Measurement of compliance with or enforcement of the laws was beyond the scope of this study. Studies have shown that, even when regulations exist, there is generally low compliance by facilities.15,29-31 Even the most stringent/comprehensive of laws, without enforcement, may have a limited impact, although education of tanning facility operators about regulations may help improve compliance with laws, and ultimately patron safety.32
We contend that the law stringency instrument offers a reasonable methodology for measuring states’ efforts to protect consumers from indoor tanning risks. The instrument’s stringency items and subscales could highlight what changes are needed, serving as a blueprint for a state’s indoor tanning control efforts. Likewise, the instrument could be used to demonstrate improvement in the quality of a state’s indoor tanning laws. Finally, the instrument could be used to assess the impact of the stringency of a state’s policy on residents’ behavior and health status.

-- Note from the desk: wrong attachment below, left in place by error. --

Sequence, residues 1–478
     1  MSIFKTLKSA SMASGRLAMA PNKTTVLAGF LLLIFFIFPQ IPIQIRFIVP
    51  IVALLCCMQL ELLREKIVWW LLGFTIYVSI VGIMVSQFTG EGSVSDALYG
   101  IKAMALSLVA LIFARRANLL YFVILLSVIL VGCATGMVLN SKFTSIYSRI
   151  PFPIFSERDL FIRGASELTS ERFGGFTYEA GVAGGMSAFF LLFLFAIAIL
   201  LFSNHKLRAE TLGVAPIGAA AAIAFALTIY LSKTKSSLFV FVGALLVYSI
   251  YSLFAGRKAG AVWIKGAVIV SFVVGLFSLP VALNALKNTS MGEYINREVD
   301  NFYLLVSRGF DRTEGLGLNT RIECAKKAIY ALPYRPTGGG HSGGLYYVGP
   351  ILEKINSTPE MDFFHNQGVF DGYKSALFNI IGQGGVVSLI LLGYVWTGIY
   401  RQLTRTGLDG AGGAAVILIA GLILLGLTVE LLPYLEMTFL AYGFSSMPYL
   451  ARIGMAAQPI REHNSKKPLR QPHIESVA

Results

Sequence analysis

The authors wish to thank Minal Patel, MPH, Ami Hurd, MPH, Elizabeth Clapp, MPH, James Sallis, PhD, Donald Slymen, PhD, George Belch, PhD, John Weeks, PhD, Martin Weinstock, MD, PhD, Brian Saelens, PhD, and Laura Solomon, PhD, for their contributions to this study. Ms Debra Rubio assisted with manuscript preparation.
Supported by grants from the National Institutes of Health, National Cancer Institute (R01CA93532, R01CA093532-S1, and K05CA10051).
Conflicts of interest: None declared.